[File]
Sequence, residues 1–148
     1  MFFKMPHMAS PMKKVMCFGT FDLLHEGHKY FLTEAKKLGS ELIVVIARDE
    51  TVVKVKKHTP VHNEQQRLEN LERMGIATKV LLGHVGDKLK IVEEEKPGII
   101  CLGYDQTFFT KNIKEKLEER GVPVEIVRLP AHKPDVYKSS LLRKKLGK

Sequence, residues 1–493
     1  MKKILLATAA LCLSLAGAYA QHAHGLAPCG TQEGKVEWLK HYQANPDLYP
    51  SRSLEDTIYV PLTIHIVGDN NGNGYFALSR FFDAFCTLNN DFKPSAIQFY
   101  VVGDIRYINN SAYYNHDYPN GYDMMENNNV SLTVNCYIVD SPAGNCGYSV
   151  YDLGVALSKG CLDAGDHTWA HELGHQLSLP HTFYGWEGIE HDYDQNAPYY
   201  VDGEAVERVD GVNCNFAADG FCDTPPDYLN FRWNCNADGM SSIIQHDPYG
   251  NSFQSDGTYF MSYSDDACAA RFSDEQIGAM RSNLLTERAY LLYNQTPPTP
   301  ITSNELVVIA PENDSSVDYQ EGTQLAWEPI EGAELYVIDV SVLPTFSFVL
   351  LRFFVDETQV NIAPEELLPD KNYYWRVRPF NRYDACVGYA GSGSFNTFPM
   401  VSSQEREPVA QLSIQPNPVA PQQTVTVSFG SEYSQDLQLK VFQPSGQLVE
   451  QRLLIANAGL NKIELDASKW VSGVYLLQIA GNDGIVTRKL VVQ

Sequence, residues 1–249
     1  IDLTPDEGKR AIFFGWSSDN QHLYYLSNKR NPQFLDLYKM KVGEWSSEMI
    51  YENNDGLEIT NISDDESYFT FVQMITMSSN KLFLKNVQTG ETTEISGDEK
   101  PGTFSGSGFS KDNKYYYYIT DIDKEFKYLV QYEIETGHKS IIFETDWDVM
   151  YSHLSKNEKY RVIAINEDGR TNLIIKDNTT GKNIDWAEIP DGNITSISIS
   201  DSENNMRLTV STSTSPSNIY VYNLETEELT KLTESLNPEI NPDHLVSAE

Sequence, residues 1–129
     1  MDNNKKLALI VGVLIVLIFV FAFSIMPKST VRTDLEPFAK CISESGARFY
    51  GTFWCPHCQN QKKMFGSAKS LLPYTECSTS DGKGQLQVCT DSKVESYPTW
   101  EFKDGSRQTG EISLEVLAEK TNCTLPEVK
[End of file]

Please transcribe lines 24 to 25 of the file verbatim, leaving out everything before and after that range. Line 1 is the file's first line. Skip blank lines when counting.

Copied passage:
    51  GTFWCPHCQN QKKMFGSAKS LLPYTECSTS DGKGQLQVCT DSKVESYPTW
   101  EFKDGSRQTG EISLEVLAEK TNCTLPEVK